Hamilton County was originally part of the Northwest Territory, which roughly extended from the Ohio River to the northern part of Lake Huron and included parts of the present states of Ohio, Indiana and Michigan. This was in 1787, before the Constitution of the United States was formally approved. John Cleves Symmes, by virtue of a government grant, became the owner of practically all of what is presently Hamilton County and made the original survey dividing it into townships, sections and ranges. The office of Recorder was established in April 1794 - being one of the first offices in the County. At that time, all of Ohio was divided into only two counties.
In 1803, Ohio was granted statehood and divided into four counties and Hamilton County comprised the southwestern portion of the state. As population grew, various divisions were made, and about 1805 the present county lines were established.
In 1818, the first elected Recorder, Griffin Yeatman, was elected to a three-year term. Prior to this date Recorders were appointed by the Board of Commissioner.
The office of Recorder was established to record, preserve and make available for inspection documents relating to real estate. This involves not only the sale, lease or transfer of property, but also encumbrances (such as mortgages and liens) that would either block or affect the title of a piece of property. All records are maintained for viewing by the public and copies can be made. The direct and reverse index for all documents are available on computer. Examples of non-real estate documents recorded and maintained by the office include: partnerships, military discharge papers, living wills and medical powers of attorney. Veterans' IDs are issued as of December 5, 2016.
Originally, all documents were transcribed in pen and ink and recorded in one book in the order in which they were filed. Later, as the counties were further redefined, the records were recopied and only papers pertaining to Hamilton County were left of record here. Records of other counties were sent to their proper county seat. Also, deeds, mortgages, leases, liens and miscellaneous papers were recorded in books, each under their proper heading and numbered consecutively.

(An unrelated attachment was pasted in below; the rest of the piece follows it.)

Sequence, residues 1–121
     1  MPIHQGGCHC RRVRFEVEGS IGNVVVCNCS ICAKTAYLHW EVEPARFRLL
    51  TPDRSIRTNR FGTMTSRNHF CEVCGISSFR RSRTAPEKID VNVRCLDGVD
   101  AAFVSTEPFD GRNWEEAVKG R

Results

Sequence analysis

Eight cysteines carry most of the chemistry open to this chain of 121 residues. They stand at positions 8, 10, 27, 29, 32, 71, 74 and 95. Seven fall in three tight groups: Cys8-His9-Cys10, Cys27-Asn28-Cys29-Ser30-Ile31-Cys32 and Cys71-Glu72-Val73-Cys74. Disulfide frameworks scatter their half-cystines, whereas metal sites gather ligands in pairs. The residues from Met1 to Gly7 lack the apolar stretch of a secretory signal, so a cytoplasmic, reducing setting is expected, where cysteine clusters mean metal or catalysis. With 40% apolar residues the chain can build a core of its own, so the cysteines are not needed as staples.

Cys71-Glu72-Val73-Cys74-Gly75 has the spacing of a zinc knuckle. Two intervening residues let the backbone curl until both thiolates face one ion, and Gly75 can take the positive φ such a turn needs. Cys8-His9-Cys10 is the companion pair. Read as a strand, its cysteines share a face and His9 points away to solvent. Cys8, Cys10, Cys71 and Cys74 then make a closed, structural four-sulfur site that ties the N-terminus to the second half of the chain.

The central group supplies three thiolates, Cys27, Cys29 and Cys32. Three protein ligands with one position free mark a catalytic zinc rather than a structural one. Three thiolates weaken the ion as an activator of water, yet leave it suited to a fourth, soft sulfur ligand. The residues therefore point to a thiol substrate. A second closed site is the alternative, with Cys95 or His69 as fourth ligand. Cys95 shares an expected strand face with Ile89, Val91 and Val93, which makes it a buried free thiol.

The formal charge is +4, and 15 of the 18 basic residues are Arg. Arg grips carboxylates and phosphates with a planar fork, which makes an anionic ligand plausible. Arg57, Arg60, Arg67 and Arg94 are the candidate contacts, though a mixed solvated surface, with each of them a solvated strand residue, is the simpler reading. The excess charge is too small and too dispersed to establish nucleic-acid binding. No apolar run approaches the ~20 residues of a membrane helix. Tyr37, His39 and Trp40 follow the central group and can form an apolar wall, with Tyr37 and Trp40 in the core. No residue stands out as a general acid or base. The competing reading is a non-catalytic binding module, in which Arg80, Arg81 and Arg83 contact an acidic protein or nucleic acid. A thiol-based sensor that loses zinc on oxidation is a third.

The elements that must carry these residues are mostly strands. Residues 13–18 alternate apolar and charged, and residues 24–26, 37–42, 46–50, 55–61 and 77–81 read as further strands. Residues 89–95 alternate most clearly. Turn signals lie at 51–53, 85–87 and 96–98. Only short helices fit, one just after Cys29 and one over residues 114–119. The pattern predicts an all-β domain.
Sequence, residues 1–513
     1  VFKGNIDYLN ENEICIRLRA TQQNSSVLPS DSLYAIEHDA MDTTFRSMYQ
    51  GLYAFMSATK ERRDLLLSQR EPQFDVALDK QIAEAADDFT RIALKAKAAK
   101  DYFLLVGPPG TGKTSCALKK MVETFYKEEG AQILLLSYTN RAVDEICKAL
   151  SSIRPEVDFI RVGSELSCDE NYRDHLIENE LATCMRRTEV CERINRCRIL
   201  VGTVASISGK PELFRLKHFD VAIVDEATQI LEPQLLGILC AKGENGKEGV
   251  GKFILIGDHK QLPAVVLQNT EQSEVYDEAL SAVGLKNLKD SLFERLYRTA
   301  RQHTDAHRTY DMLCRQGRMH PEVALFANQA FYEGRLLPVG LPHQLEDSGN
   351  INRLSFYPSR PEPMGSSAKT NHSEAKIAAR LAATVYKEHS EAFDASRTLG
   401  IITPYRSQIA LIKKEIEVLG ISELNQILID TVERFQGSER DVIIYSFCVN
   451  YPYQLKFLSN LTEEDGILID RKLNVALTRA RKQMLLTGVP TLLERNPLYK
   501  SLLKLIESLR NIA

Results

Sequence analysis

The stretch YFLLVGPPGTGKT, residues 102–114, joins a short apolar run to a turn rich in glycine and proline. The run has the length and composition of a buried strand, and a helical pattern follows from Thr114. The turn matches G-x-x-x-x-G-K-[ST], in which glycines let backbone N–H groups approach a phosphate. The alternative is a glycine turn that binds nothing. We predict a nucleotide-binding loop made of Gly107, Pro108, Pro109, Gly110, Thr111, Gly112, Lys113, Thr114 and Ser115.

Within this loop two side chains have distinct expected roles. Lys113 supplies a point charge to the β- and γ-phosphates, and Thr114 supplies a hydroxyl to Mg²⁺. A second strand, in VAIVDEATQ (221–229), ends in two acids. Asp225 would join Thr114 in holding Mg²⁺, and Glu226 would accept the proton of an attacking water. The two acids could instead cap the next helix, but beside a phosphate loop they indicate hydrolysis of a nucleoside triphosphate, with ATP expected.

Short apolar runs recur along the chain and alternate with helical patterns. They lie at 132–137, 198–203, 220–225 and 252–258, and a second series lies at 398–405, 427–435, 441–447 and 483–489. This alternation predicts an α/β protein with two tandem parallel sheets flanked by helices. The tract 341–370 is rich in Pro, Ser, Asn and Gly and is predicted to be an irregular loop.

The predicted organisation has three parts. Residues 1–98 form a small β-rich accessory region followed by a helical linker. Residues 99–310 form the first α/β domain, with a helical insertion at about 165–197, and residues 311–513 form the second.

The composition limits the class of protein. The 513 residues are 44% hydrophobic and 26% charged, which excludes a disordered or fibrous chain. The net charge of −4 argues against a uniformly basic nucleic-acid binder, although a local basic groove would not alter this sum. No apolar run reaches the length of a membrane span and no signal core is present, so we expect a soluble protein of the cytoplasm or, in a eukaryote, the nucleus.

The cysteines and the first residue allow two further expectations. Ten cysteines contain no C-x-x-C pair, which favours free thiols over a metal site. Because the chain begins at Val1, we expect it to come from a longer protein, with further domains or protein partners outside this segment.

The Court House Riot and fire of 1884 destroyed most of all the County records. A quote from the The Evening Post, Sunday March 30, 1884 stated, "The only combustible thing in the whole courthouse certainly safe is the set of records of the recorder's office. The Recorder's records had been saved!
About June 1908, the pen and ink recording system (transcribing) was dropped and records were typewritten. The Recorder still indexed documents in sectional indexes by hand. This continued until the legislature amended the law allowing the photostating of records. The Hamilton County Recorder introduced the Photostat on December 2, 1929. Documents were filmed with 35mm film, then 16mm film.
On May 31, 1988 the Recorder stopped producing typed Grantor/Grantee Index sheets and entered the information into an online computer system. This changed how the Title Examiners retrieved information.
The Recorder continued microfilm for many years and introduced the current digitized imaging system (scanning) on September 10, 1996 while still maintaining microfilm records.
In 2002, the Recorder's Office scanned official records to be included in the electronic database of existing images, which contains documents going back to 1988. In 2009 the Recorder's Office began scanning other old documents (indexes, deeds, mortgages, leases) and releasing them on the Recorder's Office web site.
As of 2016, the Recorder's Office has all plats online (1850 to present), document Indexes from 1789 to present online and is currently loading early deeds books on a weekly basis for online retrieval.